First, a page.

The blade of the guillotine is swift through the air. For a few seconds after it has thudded into its target, the crowd is silent, shocked, dumbfounded. Did that really happen? Is this real?
We are living within those few seconds after the cut. Now we know what it feels like to experience what political scientists call a “cleavage”, or religious historians a “schism”. These words have their origins in the realm of blades, metal, knives, swords, sharp edges. They describe what happens when the body politic is shorn in two.The dynamics behind such moments may have built up over decades, but they happen in an instant. And then the political reality snaps back.
In May 1920, reality snapped into focus for the Liberal Party at their National Liberal Federation meeting in Leamington Spa. This was the meeting that finally tore the Liberals apart. They had already been deeply divided by the extension of the Tory-Liberal wartime coalition beyond 1918. Ministers loyal to the Lloyd George faction were heckled by Asquith partisans, and walked out in defiance. The guillotine fell, and the party was irrevocably split. At the next election the fractured Liberals were overtaken by Labour, and they never fully recovered.
There is more than one way for a party to respond to events, but the origins of that schism were buried deep in history. The emergence of a social divide between owners of capital and their proletariat workforce led to the build-up of political pressure, first through trade unions, then through the nascent Labour Party, and finally through the extension of the franchise in 1918.
But the Liberal Party, too, was born of a split. More than 70 years before that, the decades-long battle between landowners and merchants over whether to control the price of corn finally reached its finale. That conflict had its origins in the Industrial Revolution. But the decisive moment – the moment which finally brought the landowner-merchant conflict to the forefront of politics – came in 1846 in Parliament, when the Conservative Prime Minister Robert Peel defied the landowning interests in his party to swing behind repeal of the Corn Laws. This split the Tories in two, and led swiftly to the birth of the Liberal Party.
The divide which has led us to Brexit is just as longstanding. Tony Blair once described it as “open vs closed”; others call it “global vs anti-global”, or “internationalist vs nationalist”. There are cultural aspects to it, which could be described as “liberal vs conservative”; and there are material aspects to it too: “university-educated vs non-university-educated”, for instance. The origins are complex. But the effect is clear.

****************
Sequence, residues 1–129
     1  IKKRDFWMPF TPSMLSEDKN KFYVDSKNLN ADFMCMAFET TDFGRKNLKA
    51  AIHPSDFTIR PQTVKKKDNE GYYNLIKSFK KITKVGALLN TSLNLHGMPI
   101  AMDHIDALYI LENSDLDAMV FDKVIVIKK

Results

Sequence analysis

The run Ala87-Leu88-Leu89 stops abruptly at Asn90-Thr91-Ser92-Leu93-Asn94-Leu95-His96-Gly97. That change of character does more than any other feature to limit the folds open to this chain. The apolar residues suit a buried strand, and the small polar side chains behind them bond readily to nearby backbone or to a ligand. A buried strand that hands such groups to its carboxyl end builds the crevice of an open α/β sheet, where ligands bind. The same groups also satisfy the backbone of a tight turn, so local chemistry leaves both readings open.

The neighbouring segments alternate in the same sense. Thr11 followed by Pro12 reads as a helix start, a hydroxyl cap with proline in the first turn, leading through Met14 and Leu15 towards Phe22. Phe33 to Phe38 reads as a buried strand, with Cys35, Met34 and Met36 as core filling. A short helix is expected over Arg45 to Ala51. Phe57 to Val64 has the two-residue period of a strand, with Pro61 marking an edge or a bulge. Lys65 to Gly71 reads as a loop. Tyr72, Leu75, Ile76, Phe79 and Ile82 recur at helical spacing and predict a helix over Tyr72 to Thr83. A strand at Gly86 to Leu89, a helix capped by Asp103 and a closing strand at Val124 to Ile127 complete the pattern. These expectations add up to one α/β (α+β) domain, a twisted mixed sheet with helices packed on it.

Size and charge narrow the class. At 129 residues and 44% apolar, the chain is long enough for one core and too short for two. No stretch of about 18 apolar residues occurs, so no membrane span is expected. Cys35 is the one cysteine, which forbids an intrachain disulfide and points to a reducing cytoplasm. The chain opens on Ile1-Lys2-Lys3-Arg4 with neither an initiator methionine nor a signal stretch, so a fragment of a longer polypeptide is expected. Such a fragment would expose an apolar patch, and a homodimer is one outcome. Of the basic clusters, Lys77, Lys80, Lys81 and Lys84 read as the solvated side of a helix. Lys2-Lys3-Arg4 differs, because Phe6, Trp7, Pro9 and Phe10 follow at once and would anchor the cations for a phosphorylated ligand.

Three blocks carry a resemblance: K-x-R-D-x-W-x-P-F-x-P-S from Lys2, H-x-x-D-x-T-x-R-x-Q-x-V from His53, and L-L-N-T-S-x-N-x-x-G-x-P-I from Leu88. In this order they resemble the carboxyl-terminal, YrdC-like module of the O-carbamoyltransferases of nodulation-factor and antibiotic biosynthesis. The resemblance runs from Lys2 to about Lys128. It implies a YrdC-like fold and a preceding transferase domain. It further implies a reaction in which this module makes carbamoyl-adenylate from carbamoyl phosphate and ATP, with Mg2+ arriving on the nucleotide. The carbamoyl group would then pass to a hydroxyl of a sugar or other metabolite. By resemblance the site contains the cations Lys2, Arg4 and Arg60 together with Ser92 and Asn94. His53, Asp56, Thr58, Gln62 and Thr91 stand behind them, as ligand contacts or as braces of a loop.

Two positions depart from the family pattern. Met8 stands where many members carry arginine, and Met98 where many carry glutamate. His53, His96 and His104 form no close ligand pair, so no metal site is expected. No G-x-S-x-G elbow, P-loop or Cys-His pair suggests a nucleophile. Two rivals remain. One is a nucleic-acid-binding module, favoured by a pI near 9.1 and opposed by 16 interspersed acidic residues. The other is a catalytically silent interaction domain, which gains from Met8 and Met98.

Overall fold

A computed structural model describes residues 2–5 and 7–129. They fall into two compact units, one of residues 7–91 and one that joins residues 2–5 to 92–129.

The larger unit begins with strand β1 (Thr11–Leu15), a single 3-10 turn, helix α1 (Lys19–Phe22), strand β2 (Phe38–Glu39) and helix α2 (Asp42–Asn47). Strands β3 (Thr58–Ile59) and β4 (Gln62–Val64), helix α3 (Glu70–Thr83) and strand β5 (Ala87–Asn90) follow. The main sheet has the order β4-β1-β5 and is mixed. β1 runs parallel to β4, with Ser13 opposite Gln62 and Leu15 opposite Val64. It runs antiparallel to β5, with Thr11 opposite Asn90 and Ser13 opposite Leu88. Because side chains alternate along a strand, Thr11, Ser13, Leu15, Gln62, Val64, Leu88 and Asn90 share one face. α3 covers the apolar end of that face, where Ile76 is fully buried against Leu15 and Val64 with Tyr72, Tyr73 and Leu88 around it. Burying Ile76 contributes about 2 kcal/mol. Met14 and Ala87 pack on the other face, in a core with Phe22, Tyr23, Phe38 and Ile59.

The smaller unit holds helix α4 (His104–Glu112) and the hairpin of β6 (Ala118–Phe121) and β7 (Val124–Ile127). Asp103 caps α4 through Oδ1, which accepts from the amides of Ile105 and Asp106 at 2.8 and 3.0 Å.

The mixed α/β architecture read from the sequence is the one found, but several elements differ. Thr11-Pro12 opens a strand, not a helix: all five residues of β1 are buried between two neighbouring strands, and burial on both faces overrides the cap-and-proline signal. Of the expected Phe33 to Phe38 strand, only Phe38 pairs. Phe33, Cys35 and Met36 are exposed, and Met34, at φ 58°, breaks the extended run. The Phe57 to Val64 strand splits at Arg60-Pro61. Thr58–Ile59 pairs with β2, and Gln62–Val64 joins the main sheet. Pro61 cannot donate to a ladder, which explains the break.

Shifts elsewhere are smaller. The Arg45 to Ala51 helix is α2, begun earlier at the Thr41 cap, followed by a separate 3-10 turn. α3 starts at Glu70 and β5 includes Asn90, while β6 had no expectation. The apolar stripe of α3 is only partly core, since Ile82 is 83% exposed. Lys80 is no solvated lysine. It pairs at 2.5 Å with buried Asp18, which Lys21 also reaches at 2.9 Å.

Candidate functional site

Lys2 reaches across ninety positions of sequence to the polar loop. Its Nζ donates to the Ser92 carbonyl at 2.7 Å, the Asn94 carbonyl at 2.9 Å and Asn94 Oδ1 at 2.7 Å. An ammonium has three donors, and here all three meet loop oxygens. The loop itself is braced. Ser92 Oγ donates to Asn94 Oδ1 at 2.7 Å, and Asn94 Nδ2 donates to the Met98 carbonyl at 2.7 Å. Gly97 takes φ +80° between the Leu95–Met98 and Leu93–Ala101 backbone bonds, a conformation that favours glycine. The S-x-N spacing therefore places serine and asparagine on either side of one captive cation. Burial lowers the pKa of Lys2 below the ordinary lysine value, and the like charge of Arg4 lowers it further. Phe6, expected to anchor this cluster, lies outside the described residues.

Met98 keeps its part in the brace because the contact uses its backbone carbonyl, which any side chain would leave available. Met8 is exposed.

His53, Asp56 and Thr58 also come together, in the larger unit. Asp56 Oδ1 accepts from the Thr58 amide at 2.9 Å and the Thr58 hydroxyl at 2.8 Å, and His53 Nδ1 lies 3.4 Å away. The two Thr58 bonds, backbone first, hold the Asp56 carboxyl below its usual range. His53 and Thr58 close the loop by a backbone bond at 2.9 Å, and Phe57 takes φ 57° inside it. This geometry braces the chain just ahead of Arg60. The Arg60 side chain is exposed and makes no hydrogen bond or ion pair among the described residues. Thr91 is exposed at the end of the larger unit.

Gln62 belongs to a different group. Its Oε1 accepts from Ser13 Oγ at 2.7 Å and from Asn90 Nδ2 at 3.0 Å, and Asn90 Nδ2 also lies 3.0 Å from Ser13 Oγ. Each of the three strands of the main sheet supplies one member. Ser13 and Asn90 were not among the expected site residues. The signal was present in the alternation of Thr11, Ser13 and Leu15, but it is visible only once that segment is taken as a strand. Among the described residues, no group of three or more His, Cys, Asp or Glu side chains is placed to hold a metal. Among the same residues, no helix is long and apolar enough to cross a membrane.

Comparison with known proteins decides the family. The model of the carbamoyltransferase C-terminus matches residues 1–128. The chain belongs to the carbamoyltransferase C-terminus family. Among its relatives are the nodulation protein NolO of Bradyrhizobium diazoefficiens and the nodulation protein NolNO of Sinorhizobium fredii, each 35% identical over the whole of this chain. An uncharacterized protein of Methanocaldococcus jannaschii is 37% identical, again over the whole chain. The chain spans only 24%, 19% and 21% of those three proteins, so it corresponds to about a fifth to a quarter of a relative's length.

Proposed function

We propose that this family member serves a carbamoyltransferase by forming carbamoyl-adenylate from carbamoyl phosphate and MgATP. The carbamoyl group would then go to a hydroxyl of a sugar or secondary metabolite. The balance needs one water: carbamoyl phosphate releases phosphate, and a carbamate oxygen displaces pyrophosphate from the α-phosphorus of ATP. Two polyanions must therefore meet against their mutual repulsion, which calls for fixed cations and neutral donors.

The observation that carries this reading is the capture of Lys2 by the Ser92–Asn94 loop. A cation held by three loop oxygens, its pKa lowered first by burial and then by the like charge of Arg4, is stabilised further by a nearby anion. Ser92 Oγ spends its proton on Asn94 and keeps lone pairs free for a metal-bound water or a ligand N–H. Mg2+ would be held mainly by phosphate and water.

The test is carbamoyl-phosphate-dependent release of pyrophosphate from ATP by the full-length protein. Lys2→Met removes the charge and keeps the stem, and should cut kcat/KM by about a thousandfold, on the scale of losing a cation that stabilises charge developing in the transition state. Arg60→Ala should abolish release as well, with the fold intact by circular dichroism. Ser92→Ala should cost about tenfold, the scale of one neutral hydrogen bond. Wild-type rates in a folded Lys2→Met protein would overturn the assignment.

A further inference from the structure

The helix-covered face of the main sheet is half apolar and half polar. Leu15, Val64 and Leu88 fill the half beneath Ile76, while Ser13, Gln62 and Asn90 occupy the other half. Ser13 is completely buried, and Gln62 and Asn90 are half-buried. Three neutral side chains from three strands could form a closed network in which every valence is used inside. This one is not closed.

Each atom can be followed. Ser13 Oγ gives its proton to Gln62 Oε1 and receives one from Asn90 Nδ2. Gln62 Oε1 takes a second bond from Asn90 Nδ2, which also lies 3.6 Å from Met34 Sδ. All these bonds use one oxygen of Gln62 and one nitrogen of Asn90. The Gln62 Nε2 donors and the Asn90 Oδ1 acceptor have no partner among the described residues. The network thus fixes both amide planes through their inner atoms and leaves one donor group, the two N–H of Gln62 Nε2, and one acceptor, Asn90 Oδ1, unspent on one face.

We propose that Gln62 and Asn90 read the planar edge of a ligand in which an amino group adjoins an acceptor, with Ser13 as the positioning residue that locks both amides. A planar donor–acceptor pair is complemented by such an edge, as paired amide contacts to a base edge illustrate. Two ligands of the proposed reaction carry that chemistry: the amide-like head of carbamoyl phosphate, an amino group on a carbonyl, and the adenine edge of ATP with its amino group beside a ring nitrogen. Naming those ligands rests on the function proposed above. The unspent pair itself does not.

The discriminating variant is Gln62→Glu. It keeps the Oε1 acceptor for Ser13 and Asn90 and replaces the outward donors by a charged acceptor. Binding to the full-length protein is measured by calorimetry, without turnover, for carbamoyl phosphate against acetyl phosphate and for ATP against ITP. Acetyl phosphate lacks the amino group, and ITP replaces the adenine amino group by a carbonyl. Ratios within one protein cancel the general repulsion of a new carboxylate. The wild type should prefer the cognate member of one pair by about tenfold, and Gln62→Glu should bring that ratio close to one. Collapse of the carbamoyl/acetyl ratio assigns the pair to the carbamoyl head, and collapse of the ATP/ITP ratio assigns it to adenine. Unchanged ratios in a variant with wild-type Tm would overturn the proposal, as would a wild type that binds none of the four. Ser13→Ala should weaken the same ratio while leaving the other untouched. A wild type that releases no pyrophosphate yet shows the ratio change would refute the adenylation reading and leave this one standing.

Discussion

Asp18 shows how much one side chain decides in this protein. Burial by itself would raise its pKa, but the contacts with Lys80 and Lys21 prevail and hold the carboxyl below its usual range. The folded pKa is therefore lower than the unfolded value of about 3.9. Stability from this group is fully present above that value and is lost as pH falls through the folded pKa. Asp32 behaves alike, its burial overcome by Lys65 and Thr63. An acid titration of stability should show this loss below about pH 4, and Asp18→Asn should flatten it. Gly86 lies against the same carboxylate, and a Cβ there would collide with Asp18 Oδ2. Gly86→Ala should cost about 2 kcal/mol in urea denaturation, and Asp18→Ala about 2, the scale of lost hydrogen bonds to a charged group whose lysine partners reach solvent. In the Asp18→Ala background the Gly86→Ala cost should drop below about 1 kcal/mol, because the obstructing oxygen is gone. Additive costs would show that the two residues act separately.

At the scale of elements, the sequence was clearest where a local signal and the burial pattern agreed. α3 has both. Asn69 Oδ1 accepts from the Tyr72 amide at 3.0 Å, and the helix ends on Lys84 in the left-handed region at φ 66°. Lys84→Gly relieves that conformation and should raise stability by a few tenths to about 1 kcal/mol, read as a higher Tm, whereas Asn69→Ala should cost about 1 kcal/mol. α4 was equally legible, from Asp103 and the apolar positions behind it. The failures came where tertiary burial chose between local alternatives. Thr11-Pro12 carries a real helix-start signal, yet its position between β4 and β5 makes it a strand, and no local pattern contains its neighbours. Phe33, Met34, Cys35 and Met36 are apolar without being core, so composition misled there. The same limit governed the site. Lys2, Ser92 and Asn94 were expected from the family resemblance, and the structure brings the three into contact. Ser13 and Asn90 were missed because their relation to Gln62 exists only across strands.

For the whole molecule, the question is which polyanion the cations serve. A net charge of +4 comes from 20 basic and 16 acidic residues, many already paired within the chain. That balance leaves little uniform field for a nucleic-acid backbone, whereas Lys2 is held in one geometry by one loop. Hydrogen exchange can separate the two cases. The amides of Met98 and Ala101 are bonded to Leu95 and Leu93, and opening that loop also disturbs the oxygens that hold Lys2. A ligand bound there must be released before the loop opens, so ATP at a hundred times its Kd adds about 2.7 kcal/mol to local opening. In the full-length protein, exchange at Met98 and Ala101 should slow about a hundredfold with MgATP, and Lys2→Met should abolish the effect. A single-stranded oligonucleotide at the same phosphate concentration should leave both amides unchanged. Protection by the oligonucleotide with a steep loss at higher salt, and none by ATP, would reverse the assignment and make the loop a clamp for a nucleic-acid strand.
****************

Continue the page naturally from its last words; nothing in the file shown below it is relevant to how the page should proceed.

Imagine a biro on a piece of paper, drawing the same line over and over again. Eventually, the paper tears – and that is what happened on 24th June. It takes a piece of political chicanery to make the final split (God knows we have had enough chicanery in the last two weeks). But once it is done, there is no undoing it. There is no going back to the old party system, structured around a social cleavage (left vs right) which is no longer prominent. The political parties realigned in the 1840s, and again in the 1920s. They will realign again now.
Labour is the party most in line for some kind of split. The new social cleavage runs clean through it. On one side are “heartland” Labour-voting Brexiteers, left behind by globalisation. On the other are liberal metropolitans of both the left and the centre (not just Corbyn and Corbynistas, but much of the wider Labour membership and parliamentary party too). What happens to the other parties – particularly the Conservatives and UKIP – depends to some extent on how Labour responds to its predicament. But whatever Labour does, we will see liberal, metropolitan Tories finding it hard to stick with their party in the new political landscape, and UKIP hoovering up both parties’ spoils.
In times like this, politics matters a thousand times more than usual. For a brief period, it really makes a difference what parties say, who leads them, and perhaps above all who joins them. History is shaped in fits and starts. The guillotine has fallen, but we do not yet know the consequences. This is a democratic moment – it is up to all of us to help shape what happens next.
Will Brett is Head of Campaigns at the Electoral Reform Society, and writes in a personal capacity.